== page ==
9-16-13 See our ad in today's Wall Street Journal (A14)
































The Dream


You dream of flying for a company that respects you and one that you can take pride in. It lies just outside your grasp and two things stand in your way: experience and fierce competition. Now you need to decide which “regional” airline is the wisest investment to help reach your goal. After all, no one wants to look back in ten years and have regrets. The recruiter is waving a $5,000 check in your face and all you have to do is agree to a class date. Before you make a career-altering decision, take a step back -- past the shiny paint, signing bonus and turbine engines that beckon you and familiarize yourself with what life on the line is really like at Republic Airways. We're going to give you an in-depth look at how the company operates and why you, as a potential new-hire pilot, should make sure you precisely know what you would be getting into.


You may be thinking that we’ve compiled a laundry list of reasons of why you shouldn’t work here or that we wish the company would vanish into aviation obscurity. That is not the case. We want the company to succeed and prosper. We want to be able to tell pilots at other companies how wonderful it is here and how great CEO Bryan Bedford and COO Wayne Heller manage our relationship. Instead, management chooses to play a game with no winners but themselves. They want us to believe the only way RAH can succeed is subjecting pilots to a sub-standard work structure.


To be fair, let’s highlight the good parts of Republic: most aircraft are relatively new and feature glass cockpits, the crews are top-notch, travel benefits, and a great maintenance department. Over the years, the glass cockpits become less important to you, yet travel and health care costs become more important. What may lure you to RAH now may not be important to you in the future. Airline piloting is a rewarding career in many ways, but here management will do their best to keep that at a minimum. They continue to beat the competition and expand the business by ensuring that you are among the lowest compensated pilots in the industry. RAH will work against you in every possible fashion to keep you cheap at your expense and sacrifice.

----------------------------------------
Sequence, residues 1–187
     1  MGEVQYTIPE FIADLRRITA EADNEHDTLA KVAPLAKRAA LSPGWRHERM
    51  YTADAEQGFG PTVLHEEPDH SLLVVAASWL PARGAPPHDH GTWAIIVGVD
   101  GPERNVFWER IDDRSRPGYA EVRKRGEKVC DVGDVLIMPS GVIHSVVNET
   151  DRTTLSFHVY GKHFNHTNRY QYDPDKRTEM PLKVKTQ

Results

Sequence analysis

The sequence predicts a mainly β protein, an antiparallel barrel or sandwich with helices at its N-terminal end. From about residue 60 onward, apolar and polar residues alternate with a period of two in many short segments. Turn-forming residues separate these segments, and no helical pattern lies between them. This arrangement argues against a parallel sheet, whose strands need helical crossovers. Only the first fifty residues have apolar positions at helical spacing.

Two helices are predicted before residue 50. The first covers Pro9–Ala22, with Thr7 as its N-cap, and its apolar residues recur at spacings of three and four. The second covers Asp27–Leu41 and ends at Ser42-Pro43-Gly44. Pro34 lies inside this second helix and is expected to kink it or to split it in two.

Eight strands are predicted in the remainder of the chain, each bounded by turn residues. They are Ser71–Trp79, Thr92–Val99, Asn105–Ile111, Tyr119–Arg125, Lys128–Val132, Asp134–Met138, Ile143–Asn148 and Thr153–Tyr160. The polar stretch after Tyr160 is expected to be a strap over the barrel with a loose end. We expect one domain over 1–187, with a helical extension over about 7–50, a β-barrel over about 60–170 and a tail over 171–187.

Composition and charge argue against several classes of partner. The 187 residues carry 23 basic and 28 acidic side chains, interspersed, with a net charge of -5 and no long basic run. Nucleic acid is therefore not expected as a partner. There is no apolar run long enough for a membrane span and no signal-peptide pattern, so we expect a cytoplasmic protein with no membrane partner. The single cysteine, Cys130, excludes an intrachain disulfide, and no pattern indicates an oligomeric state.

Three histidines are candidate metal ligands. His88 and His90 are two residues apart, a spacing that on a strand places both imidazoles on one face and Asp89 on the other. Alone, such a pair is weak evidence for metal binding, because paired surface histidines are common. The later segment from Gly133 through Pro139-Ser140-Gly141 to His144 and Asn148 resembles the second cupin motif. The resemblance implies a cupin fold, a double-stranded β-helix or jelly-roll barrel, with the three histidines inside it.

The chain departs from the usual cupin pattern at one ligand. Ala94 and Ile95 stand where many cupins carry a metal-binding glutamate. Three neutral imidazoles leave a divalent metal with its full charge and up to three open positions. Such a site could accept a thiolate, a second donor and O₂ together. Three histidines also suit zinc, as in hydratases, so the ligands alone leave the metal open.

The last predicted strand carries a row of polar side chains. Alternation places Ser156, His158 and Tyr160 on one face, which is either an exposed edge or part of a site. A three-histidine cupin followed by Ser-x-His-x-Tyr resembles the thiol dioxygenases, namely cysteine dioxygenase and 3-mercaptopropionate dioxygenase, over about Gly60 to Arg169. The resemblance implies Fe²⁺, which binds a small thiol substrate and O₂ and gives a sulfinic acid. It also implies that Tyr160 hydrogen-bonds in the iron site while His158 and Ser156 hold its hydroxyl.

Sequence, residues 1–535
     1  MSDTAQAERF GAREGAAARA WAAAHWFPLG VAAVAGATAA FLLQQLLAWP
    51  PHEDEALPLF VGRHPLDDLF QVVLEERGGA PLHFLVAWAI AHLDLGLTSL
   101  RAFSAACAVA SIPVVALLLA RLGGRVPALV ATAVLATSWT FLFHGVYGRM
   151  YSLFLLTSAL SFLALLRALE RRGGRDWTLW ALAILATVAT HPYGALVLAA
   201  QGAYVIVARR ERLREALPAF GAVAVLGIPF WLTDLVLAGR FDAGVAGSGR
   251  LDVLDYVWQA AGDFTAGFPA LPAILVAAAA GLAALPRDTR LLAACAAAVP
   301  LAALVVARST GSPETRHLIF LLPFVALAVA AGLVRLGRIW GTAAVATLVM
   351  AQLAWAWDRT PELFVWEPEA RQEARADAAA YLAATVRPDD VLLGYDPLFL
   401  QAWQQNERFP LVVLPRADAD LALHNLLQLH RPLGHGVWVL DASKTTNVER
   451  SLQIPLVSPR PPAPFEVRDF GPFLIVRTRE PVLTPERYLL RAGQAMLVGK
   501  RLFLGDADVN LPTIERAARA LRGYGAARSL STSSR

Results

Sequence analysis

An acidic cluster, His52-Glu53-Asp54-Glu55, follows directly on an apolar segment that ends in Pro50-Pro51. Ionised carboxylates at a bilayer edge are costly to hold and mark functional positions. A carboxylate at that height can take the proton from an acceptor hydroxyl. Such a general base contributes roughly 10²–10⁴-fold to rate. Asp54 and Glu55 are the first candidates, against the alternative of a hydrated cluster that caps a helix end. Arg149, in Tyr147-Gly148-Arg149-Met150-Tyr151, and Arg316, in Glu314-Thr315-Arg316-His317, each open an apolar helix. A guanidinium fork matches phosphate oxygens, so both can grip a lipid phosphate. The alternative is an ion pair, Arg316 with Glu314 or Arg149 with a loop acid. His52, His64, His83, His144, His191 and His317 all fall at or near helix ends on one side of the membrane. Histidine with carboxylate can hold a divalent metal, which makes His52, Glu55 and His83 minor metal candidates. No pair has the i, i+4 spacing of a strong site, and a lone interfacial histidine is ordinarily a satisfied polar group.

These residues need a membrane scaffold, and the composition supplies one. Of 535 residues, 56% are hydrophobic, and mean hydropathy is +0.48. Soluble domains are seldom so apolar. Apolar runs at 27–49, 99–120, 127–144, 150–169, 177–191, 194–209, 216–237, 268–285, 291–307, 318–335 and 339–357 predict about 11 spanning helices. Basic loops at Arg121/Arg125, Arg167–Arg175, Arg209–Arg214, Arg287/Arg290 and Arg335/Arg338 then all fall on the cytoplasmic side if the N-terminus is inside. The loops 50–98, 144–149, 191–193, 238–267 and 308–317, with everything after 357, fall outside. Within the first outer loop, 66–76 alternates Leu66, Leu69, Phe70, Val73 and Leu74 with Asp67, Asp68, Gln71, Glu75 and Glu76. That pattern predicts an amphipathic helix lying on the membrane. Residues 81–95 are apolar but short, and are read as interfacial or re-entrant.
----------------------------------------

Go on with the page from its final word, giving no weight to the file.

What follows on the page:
The fundamental bottom line for our pilots is that while you are employed at RAH and assigned to one of the self-declared “regional certificates”; you will remain a “regional pilot” at a “stepping stone airline”. Although many of our pilots have been stepping on this “temporary stone” for years, RAH considers their pilots a temporary labor force while rewarding management with life long and lucrative careers.


As you continue reading, you may ask yourself “How could a company let issues grow to the point that the pilot's union is creating a website like this?” Believe it or not, the answer is simply that they do it on purpose. Astonishingly, this “stepping stone” atmosphere was intentionally designed to get low experienced pilots in the door who will stay for a minimum time then quit once better employment is found, thereby positioning the company into a temporary staffing agency for other airlines. The second question you may ask is “How can this cycle of pilots be expected to continue without future access to low experience pilots willing and able to live on less than $1,000 a month?” It cannot; it will have to change and it will be a rough road for everyone involved. In order to explain further, click on the tabs above to cycle through our topics of interest.


© Teamsters Local 357, 2013